walkitout (walkitout) wrote,

People Who Buy eBooks Still Buy pBooks

ETA: I _thought_ I had spotted a big gap in what I had ordered; in the event, it appears to have been exactly one missed children's book. Further edits throughout the post to correct numbers

The subject line is a true statement, however, I wonder what, if any, solace it could provide for a publisher of new books?

In 2012, I bought 36 pbooks. Of that number, 7 were gifts (all bought new), and two were books for my children (this is an embarrassingly low number). One book was bought used for book group and immediately donated to a library thereafter, which intended to include it in the book group bag. I bought 1 audio book, which I am counting as a p for physical, rather than p for paper book. It was a gift. 20 were bought used; 16 were new.

Here is the list of 9 books I bought new for myself and my family over the course of the year (about 5 of them are exclusively for me, 2 are children's books and the history of atlases and the book about gays in Canada were bought as part of an ongoing effort to puzzle out some genealogy questions that my husband and I have):

An annotated bibliography of the sociology of Canadian Mennonites and related groups
Drummer Hoff (children's book)
Urville (book of drawings by an autistic person)
If you give a Mouse a Cookie (collected kids books)
a history of atlases (genealogy and just plain cool)
_Long Term Care for the Elderly_, which was fantastic and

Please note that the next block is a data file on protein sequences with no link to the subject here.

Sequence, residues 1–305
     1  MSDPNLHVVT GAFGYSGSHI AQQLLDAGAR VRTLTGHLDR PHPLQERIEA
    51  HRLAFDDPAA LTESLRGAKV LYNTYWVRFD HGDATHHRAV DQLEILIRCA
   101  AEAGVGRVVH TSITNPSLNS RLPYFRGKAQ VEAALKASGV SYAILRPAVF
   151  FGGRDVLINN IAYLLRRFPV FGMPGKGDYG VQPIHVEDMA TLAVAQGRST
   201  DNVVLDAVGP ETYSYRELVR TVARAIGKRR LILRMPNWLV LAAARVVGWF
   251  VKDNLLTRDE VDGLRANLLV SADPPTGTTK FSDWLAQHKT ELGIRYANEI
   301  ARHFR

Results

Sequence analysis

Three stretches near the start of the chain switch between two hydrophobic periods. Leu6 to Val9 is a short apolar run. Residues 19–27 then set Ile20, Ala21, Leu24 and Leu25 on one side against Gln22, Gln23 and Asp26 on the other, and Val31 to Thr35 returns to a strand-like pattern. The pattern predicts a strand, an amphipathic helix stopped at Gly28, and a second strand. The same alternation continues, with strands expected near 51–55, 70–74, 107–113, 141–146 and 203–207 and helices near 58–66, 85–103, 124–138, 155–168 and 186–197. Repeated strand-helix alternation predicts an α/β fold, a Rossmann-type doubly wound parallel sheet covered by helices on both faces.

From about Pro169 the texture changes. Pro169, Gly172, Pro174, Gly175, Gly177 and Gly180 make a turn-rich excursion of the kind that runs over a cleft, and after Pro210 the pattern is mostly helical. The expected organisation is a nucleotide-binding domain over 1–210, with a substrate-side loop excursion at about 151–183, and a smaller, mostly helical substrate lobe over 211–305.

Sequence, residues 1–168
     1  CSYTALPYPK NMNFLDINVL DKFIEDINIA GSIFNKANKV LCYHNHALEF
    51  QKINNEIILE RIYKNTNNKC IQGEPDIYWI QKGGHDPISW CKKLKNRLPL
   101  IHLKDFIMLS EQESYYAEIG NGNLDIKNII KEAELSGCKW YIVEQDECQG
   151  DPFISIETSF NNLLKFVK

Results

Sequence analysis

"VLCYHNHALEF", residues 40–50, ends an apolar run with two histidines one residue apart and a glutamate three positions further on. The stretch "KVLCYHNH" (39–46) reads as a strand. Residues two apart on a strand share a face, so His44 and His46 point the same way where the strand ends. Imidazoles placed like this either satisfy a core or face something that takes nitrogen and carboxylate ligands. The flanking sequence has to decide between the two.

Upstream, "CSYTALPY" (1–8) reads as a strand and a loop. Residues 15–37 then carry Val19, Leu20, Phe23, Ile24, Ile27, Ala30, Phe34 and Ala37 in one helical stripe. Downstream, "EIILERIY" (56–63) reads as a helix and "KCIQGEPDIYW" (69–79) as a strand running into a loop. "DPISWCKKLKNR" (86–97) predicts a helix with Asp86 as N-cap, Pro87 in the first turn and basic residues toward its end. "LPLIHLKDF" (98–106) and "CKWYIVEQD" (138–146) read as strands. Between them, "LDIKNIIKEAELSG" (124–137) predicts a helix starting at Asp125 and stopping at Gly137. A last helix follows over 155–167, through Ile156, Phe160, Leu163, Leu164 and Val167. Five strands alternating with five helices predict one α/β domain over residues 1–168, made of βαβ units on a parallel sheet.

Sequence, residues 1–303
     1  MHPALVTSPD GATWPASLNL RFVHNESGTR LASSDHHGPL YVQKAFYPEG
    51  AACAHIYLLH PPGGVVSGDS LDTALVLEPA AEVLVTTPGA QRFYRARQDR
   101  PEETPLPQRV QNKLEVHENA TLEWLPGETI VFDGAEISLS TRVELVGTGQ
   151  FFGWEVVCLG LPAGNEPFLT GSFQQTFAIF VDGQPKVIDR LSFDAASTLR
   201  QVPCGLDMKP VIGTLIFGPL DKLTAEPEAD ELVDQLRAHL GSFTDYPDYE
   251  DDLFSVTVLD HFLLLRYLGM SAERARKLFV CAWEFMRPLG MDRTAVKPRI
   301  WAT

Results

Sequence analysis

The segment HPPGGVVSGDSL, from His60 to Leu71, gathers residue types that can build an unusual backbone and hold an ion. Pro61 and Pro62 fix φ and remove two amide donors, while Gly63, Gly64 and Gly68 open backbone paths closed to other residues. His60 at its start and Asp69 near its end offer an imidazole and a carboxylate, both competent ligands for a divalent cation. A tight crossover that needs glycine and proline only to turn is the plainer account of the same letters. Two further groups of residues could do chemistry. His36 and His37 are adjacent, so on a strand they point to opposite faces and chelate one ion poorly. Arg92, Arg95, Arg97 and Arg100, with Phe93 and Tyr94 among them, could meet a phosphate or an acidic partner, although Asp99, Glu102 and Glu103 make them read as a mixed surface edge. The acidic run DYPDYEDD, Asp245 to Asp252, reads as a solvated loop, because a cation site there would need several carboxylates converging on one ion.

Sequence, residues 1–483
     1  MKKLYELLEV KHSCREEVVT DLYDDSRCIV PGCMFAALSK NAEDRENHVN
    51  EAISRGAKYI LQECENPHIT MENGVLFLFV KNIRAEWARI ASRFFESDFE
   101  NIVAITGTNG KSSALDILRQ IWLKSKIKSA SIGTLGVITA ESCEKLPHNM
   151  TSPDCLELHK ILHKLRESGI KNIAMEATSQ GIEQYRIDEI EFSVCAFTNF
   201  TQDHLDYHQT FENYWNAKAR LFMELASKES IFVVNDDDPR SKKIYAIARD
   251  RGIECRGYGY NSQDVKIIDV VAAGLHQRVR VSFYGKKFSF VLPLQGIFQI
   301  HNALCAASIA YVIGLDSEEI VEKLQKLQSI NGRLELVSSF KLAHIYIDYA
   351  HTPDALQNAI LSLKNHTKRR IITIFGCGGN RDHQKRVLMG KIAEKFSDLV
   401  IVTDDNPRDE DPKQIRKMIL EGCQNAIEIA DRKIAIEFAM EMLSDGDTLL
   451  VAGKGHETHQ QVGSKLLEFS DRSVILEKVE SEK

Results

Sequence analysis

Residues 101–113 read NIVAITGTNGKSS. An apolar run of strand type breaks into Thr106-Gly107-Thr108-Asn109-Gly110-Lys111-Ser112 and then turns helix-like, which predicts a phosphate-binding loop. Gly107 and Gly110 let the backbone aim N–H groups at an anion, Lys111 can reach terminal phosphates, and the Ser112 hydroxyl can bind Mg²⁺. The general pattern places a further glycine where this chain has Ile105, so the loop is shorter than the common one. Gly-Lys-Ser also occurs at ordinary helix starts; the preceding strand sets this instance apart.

_The Cultural Context of Aging_, which I haven't read yet
Bartlett's quotations
_Persecuting Homosexuals_ (haven't read -- dual interest LGBT and genealogy for the area)

I knew I had cut back on buying books for the kids; I'm a little stunned that I cut back to two. I may need to work on that.

In 2012, I bought 98 ebooks. I was careful not to count games, free books or kindle guides and so forth in this list. Of those, about 13 were bought for someone else who reads books on my kindle. About 5 of them were shorts (short stories or a novella or whatever). Obviously, none of them were bought used.

For reference purposes, over the course of the year, I bought 2 e-ink readers and 1 of the larger kindle fires (I kept one of the e-ink readers for myself; the other two were for other people).

If it gives you solace that I bought one new pbook for every 6ish ebooks I bought, or, 5ish new pbooks for every reading device I bought over the course of the year, then you are a person who is very good at seeing the silver lining.

ETA: In August, I went to a bookstore on Cape Cod. At this bookstore, I bought my children three books. I also bought my nieces a whole bunch of books -- probably a couple dozen, maybe more. None of those books are included in this count. If they had been included in this count, the analysis would have to be modified as follows: MORE new p-books than used p-books overall. 12 new books purchased for me/my family. While the total count of p-books vs. e-books would continue to favor e-books, it would be approximately a 2 pbooks for 3 e-books ratio. While it is possible there were additional book purchases during the course of the year which I have forgotten, it seems unlikely, as I don't even go into bookstores any more, except in unusual cases such as the August purchase of birthday gifts for my nieces while we vacationed together. We also went to a Toys R Us on that trip where I bought them a ton of Calico Critters stuff and assorted other plastic crap. I'm fairly certain I spent more at Toys R Us than at the bookstore and other charges associated with the trip completely swamped those shopping expeditions.